Atorvastatin, a generic version of cholesterol drug Lipitor, has been recalled after pieces of glass were found in the pills. Ranbaxy Pharmaceuticals, makers of drug atorvastatin, issued a recall on November 9, 2012, and halted production but has since been unable to detect how glass shards got into the pills. On November 23, the company announced the recall publically.
People are now questioning the quality control of this drug maker – the supplier of one-third of this nation’s generic Lipitor and a subsidiary of India’s Ranbaxy Laboratories. While the glass pieces are no bigger than a millimeter in diameter and unlikely to pose danger to humans, it could irritate the digestive system.
The Federal Drug Administration (FDA) has stated that adverse health problems related to this drug are low, but consumers should confirm with their pharmacist to see if they received a recalled product. If so, consumers should talk to their doctors or pharmacists about an alternative.
Although the FDA hasn’t received any reports of injuries so far, patients who experience any side effect or problems from taking this contaminated drug are encouraged to seek medical care and report their health concerns to the FDA’s MedWatch program.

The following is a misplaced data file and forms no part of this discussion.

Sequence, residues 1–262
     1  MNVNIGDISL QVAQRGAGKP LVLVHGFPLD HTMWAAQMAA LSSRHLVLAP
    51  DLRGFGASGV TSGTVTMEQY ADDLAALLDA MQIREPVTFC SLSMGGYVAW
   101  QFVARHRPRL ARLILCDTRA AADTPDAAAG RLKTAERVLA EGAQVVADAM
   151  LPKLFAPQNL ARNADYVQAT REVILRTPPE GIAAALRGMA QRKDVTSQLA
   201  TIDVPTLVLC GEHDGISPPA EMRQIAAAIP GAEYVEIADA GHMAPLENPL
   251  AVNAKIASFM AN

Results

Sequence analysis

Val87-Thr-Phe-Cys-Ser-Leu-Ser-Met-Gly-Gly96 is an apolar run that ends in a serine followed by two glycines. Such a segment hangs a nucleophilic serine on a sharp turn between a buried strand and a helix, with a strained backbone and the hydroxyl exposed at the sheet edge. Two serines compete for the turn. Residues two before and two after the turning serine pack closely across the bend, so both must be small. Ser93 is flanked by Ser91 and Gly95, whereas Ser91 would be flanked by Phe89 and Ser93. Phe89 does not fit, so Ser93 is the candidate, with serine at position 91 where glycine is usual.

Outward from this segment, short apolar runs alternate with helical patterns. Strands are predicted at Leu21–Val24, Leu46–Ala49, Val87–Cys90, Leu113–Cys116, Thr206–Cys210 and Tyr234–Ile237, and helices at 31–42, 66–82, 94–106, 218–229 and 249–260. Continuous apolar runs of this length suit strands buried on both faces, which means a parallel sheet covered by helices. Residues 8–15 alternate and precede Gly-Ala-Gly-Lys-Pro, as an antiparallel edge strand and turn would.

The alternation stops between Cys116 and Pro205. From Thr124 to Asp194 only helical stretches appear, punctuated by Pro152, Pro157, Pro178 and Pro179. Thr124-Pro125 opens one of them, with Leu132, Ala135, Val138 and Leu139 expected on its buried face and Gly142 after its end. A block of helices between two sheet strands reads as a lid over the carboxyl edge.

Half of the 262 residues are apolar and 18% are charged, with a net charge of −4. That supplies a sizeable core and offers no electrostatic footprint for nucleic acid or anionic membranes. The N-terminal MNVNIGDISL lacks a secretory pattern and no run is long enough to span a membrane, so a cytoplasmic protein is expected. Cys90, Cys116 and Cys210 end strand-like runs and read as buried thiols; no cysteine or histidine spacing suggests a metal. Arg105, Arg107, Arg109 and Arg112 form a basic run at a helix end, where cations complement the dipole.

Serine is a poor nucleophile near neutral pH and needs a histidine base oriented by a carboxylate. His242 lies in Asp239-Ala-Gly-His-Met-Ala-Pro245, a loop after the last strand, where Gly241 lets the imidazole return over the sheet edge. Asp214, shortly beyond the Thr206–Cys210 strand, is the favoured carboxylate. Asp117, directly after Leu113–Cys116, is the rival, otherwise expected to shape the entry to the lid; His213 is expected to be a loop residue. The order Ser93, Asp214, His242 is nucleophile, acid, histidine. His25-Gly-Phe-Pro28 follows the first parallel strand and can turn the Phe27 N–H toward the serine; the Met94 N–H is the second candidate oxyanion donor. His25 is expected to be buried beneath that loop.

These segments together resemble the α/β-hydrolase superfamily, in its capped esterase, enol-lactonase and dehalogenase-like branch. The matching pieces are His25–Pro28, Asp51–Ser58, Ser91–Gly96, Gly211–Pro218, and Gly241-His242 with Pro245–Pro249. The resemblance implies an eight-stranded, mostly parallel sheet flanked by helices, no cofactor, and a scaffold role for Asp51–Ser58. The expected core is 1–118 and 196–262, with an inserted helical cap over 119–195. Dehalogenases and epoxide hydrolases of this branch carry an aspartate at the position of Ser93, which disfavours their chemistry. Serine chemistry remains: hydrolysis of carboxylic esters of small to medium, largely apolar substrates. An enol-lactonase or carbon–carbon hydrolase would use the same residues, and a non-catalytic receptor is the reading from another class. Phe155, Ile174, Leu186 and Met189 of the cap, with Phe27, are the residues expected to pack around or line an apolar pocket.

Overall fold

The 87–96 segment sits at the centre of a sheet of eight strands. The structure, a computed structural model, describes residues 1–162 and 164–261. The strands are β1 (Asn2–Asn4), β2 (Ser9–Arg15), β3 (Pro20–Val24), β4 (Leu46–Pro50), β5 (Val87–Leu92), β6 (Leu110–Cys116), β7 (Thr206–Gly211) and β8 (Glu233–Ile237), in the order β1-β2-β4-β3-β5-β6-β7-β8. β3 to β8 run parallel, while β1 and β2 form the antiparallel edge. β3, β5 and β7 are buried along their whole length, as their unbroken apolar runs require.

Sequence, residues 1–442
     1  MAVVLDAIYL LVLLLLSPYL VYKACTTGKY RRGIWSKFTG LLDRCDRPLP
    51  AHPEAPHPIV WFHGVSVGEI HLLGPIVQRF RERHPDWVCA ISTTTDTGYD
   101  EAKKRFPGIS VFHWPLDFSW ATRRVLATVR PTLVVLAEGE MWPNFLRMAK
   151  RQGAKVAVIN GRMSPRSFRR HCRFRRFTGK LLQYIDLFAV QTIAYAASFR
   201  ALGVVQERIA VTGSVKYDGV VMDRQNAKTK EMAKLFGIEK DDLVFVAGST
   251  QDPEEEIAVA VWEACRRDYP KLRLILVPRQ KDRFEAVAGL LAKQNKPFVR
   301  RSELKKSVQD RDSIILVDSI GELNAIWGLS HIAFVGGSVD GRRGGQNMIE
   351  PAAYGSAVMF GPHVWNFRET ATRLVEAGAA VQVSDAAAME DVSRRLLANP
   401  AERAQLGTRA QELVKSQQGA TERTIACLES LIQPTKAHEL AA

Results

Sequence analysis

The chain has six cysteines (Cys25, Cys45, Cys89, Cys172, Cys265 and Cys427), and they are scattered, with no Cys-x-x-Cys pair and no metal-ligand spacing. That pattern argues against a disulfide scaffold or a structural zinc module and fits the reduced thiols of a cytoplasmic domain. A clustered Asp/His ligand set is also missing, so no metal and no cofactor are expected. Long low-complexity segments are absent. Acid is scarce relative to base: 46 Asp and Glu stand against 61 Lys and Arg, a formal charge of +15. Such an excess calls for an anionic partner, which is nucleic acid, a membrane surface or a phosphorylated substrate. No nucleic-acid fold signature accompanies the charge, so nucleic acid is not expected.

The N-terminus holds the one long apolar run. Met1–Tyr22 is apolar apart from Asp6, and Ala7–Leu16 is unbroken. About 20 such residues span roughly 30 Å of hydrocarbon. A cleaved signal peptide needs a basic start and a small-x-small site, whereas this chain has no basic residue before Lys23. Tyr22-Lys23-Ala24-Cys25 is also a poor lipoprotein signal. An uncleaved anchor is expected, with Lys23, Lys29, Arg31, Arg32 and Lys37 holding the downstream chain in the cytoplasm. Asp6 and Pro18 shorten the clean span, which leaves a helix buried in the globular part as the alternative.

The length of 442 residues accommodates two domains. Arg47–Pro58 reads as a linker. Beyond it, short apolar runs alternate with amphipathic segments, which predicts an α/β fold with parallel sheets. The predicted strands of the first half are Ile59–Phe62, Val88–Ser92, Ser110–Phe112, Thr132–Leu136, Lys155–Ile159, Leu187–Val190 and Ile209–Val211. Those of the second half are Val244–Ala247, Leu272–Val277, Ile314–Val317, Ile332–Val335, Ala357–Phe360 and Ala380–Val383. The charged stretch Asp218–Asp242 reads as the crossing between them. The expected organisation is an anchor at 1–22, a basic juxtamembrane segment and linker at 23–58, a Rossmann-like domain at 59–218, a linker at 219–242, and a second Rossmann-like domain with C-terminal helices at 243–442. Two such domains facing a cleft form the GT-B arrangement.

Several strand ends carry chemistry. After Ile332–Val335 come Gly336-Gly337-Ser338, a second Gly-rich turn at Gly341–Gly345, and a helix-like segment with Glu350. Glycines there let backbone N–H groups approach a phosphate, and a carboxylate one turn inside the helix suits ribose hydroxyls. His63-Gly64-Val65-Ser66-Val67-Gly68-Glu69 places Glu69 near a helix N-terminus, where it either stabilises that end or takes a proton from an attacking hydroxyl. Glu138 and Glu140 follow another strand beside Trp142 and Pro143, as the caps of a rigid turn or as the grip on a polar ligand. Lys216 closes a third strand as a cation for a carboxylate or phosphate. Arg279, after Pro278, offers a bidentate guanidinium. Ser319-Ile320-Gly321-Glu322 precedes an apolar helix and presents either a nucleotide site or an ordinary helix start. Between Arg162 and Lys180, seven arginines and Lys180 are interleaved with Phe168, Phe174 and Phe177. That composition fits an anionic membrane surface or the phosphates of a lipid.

Investigators are trying to determine how tiny glass shards got into the batches of the bulk drug ingredient used to fill the atorvastatin pills of 10-, 20-, and 40-milligram doses. The recall does not include the 80-milligram pills or any other Ranbaxy product. However, this is the second time since August that atorvastatin has been recalled. The August recall took place after a pharmacist noticed that a 10-milligram bottle contained a 20-milligram pill.
Manufacturing will remain stopped until the problem is found and fixed.